How to Succeed at Trying Something New (My Ski Story)


If you follow me on Instagram you know I’ve done a little skiing this winter. It’s a big leap, going from the flat plains of the midwestern US to the Alps. But my husband and 6-year-old have gotten into it with our unit’s ski club and I found myself feeling jealous of their amazing photos from the slopes.

Pila Playground

Earlier this winter it occurred to me that skiing is an excellent family activity. It gets us outside in the winter. It’s a life-long sport. From the day we get our littlest to ski until we’re too old to hang, it’s something we can look forward to doing together. And, wow! How special is that?

Pila Lift

Frankly, I’ve been terrified of skiing. The speed! The crashes! The couple of lessons I had before this winter didn’t leave me feeling like I could ever ski with control. But then I took on a couple of challenges that taught me to believe in myself and be in my own skin more mindfully, and I felt prepared to become a skier. So I’ve decided to do it.

Clearly there are some people out there who think nothing of going out and just trying a new sport. If you are one of those people, I applaud you! If, however, you’re like me, here are some tips for trying something new.

  1. Identify WHY you want to do it. It doesn’t matter what the WHY is, just have a grasp of it. Maybe it’s because you’ve always wanted to. Maybe it’s because you want to have an excuse to be someplace beautiful. Maybe you want to look cool. Whatever. If your motivation is tied to some kind of personal goal, you’re more likely to stay focused.
  2. Do a little research. Find the experts on YouTube and see what they have to say about getting started. This will help you get the right gear, too.
  3. Pick a goal. This is different from the WHY. It’s a concrete, measurable goal, like “Run a 5k” or “Ski with enough control to get off the bunny hill” or “Bike around the lake 3x each week” or “Do a headstand” or “Compete in Ultimate Beastmaster.” You get the picture.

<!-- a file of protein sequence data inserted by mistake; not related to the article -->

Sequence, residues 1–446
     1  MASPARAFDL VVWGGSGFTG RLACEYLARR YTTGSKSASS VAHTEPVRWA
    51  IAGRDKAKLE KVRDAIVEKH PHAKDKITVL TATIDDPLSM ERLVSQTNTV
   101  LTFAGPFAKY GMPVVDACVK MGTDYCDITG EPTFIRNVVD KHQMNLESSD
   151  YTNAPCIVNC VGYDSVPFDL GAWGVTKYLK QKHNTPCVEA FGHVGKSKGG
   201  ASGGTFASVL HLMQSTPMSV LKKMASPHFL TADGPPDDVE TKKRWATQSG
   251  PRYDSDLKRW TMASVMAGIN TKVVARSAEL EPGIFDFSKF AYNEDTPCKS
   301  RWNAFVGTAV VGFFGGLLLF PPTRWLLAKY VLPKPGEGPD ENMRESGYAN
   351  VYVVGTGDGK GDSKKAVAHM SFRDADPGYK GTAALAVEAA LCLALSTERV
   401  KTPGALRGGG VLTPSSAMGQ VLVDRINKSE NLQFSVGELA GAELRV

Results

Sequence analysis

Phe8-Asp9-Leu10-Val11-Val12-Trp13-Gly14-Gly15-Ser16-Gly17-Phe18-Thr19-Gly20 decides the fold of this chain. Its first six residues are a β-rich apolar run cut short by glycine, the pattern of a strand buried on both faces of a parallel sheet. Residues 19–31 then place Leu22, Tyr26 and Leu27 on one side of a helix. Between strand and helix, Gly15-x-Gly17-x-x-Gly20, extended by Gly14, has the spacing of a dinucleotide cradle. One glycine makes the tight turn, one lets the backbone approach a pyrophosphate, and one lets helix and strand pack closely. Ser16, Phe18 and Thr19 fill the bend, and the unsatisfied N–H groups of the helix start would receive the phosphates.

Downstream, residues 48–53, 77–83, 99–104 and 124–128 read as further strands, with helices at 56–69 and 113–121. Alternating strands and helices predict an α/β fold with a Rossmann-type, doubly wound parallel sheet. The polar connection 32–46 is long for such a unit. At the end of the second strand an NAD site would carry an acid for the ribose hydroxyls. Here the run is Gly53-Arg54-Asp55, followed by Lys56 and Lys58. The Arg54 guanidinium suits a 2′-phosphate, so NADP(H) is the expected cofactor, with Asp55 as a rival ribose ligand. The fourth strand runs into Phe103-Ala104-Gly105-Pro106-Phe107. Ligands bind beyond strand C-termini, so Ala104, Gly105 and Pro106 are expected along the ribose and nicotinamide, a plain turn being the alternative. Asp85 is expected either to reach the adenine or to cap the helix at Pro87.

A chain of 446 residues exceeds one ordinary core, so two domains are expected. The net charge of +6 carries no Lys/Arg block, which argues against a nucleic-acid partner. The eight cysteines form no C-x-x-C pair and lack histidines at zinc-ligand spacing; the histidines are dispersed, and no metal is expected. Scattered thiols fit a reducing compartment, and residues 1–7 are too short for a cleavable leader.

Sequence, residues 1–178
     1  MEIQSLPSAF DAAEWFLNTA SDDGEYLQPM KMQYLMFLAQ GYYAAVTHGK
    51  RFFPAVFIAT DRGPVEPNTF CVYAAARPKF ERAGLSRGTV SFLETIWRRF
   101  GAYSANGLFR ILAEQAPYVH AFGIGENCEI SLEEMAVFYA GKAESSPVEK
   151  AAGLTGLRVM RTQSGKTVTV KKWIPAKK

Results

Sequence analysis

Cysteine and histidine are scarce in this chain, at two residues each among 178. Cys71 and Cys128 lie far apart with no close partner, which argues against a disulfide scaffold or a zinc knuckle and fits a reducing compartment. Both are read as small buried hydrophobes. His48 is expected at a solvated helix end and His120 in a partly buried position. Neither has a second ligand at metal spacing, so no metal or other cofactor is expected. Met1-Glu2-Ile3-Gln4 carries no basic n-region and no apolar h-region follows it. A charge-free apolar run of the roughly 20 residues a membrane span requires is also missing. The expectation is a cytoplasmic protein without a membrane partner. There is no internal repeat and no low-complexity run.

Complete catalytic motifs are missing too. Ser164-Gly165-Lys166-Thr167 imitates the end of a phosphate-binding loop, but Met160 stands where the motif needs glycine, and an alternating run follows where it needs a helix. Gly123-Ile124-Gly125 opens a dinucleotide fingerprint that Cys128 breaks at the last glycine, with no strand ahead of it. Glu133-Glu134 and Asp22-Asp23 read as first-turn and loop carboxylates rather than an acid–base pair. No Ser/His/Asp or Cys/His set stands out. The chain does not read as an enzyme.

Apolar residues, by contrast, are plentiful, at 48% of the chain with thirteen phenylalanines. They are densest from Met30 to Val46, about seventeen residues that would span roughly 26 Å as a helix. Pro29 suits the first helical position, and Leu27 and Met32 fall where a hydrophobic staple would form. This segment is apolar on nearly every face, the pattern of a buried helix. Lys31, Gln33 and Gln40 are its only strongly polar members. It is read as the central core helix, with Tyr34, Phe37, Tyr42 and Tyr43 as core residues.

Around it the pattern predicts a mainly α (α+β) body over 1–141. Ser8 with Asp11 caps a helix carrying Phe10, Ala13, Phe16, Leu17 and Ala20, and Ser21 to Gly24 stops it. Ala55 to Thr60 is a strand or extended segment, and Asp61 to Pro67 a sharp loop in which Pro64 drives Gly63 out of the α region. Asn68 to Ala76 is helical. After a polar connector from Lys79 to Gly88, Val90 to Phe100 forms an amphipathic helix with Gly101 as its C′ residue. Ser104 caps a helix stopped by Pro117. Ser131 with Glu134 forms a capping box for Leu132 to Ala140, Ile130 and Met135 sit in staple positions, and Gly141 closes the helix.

4. Make a plan. It can be as simple as blocking off time, or as complicated as crafting a training schedule and a packing list for a family outing, but having a plan will pave a path to your goal. Excuses are easy to come by when you don’t have a plan in place.
  5. Find a cheerleader. Having someone to give you a high five or a pep talk when you need it goes a long way for validating your efforts.
  6. Do the work. This is the magic sauce, really. Practice. Get out there. Do it. Repeat. Repeat. Repeat.
  7. Enjoy the rewards! Maybe the satisfaction of having done it is enough, but it’s OK to have promised yourself a treat for accomplishing your new thing. It’s cause to celebrate!

What do you think? Is there something you’ve thought about trying that you haven’t tackled yet? Are you in the process of trying something new? I’d love to hear about it!

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One thought on “How to Succeed at Trying Something New (My Ski Story)

  1. Good for you! And you are so right – you’ve got to do the work. And then more work. And then even more work.

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